Baltimore native Jason Winer knows something about family comedy. He's been an executive producer on ABC's "Modern Family" and won a Directors Guild Award for his direction of the hit series' Emmy Award-winning pilot.
This week, "1600 Penn," a family sitcom about a fictional first family that he co-created, joins NBC's Thursday night lineup. (A sneak preview of the pilot aired in December.)
Winer, who has finished shooting all 13 episodes for season one, talked last week with The Baltimore Sun about his new series starring Josh Gad ("Book of Mormon"), Bill Pullman ("Independence Day") and Jenna Elfman ("Accidentally on Purpose").
So you are now joining the prime-time lineup at midseason. Did that make any difference in the production of the series — midseason versus a fall launch?
I think it gave us a tremendous advantage, being picked up for midseason, because it allowed us to spend a little bit more time with the writing process and to shoot all 13 episodes in the absence of a public response. So we were really able to make the series we wanted to make, and now we're going to see what people make of it.
I had not thought of how the public response to initial episodes might shape the ongoing production process. But of course, it would.
It's human nature. Whether it's the network's reaction or that of the creators, you can't help but be swayed by peoples' opinion of it. And your desire to please kicks in. It's not like we're not trying to make a crowd-pleasing show from the outset, but at the same time, getting to make it true to what you intended in the absence of that is a real advantage.
And now that you have finished shooting all 13 episodes and some are in post-production, what's the future?
I will say the network is very behind it. Again, because of the midseason thing, the network has seen as many as eight episodes at this point, and they're enamored of it. They know where the show is going, and I think that's why they've gotten so behind it in terms of a promotional push for the premiere. Because regardless of what people think of the pilot or the first couple of episodes, we know that we're going someplace great with this and so does the network.
So, they're really behind it, which is awesome. Of course, we won't know officially until May [if the show is renewed]. But hopefully within the first four or five episodes, we'll get of sense of how the show is doing. And if we're holding our own on that Thursday night, we should be OK.
I saw the first three episodes. And I have to say I had some problems with the pilot. But by the end of the third episode, I thought the series found its voice.
I know exactly what you're saying. I think we didn't quite have it with the pilot. Look, I'm really proud of the pilot. But with a pilot you have the burden of introducing so many things that it's really hard. But to give us the platform to find our stride really within episodes two and three, I give Mike Royce [executive producer] a lot of credit for that. He's the former executive producer of "Everybody Loves Raymond" and creator of "Men of a Certain Age," who came aboard and joined us after the pilot and he has been a great creative and steadying force for us. He really helped push the show in a way that deepened and dimensionalized the characters when they could have, under a less steady hand, become cartoonish.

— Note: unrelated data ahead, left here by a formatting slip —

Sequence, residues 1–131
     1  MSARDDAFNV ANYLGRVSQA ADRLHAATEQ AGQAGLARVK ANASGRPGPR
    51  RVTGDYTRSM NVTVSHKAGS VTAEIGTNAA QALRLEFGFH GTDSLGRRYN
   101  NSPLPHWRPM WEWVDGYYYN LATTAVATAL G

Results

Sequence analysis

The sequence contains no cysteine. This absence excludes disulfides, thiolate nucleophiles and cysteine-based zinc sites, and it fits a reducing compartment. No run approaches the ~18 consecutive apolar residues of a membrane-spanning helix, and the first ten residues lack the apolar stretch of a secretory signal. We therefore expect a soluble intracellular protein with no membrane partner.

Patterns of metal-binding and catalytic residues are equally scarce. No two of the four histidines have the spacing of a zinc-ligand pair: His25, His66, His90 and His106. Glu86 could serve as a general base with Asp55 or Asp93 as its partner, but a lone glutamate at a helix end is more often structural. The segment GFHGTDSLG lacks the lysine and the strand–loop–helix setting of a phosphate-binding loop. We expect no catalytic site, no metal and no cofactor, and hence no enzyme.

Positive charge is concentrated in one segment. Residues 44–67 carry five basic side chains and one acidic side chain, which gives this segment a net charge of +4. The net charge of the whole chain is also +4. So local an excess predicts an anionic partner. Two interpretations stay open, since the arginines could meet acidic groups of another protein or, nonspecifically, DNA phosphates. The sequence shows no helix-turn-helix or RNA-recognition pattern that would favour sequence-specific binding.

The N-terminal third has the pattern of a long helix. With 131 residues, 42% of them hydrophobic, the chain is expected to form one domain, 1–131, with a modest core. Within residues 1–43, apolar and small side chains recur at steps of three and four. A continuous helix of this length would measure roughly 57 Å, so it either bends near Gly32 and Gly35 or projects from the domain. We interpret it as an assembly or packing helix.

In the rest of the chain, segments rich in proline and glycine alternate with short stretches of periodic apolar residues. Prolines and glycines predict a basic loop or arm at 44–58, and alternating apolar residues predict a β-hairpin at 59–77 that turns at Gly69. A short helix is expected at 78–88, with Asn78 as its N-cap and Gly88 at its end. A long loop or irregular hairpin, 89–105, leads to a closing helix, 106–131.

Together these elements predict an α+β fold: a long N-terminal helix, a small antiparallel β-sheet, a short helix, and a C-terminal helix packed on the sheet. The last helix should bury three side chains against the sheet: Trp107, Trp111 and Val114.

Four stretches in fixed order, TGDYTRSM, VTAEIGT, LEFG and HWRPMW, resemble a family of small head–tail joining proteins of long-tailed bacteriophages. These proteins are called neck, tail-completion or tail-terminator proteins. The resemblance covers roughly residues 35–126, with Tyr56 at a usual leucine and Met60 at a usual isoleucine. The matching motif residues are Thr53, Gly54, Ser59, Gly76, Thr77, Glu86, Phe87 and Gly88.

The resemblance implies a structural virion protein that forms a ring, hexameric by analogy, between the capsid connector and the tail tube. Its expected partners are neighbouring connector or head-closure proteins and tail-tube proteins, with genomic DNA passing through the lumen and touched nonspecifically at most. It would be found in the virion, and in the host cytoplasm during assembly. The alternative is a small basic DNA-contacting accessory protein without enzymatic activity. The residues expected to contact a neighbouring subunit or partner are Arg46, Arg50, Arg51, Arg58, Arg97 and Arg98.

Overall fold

Yes, by the end of the third, I started liking Skip [the adult son who returns home and is played by Gad]. I thought the character might even have some wisdom that his father, the president, could learn from — a wisdom about what it means to be a father and a man. But in the pilot, not so much. I thought Skip was too much in your face.
Skip does have a goodness and a wisdom, especially when it comes to emotion. He's a guy who wears his heart on his sleeve. That's what makes him seem childlike, because he's really in touch with his emotions. And I'm saying that in a good way.
Some might say it's inappropriate for an adult. But it's really the key to what his dad needs to learn both as an human being and a president. The president is kind of a tough guy: former military, former Marine, former governor of Nevada. He owns a ranch, we come to find out — one episode is set on his ranch. He's very at home chopping wood or herding cattle. He's kind of a throwback figure, sort of solitary and masculine, and Skip is the opposite of that. ...
The president is a guy who can communicate to masses of people but can't really engage emotionally with his own children. And that's what he has to learn from Skip. We feel like we have a really relatable dynamic in a father-son odd couple.
I would guess one of the issues with setting a comedy in the White House is that some people expect a level of verisimilitude for your show that they probably wouldn't for any other comedy. Is that true?
People like to ask about the "reality" of this stuff. And, you know, we do have a former speechwriter for Obama in Jon Lovett. He was in the White House and he's one of our partners [with Gad and Winer] in creating the show. So there are lots of times when we rely on his experience not just for the details of the White House as a workplace, but also for the interpersonal dynamics and the status dynamics between characters. There are all kinds of things from his experience that crop up — even when it comes to the design of our White House hallways and that kind of thing.
But when people talk about the "reality" of the show, I like to say when it comes to politics, I'm not quite sure. But as far as sitcoms go, I would argue that ours is one of the more realistic sitcoms ever made, because our family actually has a reason to be in the house all the time.
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